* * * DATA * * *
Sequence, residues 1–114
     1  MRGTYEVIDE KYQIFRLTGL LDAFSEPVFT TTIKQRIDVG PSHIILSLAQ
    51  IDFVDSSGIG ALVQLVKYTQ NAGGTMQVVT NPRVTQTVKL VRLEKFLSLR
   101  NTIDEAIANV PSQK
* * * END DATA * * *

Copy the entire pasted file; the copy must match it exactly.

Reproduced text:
Sequence, residues 1–114
     1  MRGTYEVIDE KYQIFRLTGL LDAFSEPVFT TTIKQRIDVG PSHIILSLAQ
    51  IDFVDSSGIG ALVQLVKYTQ NAGGTMQVVT NPRVTQTVKL VRLEKFLSLR
   101  NTIDEAIANV PSQK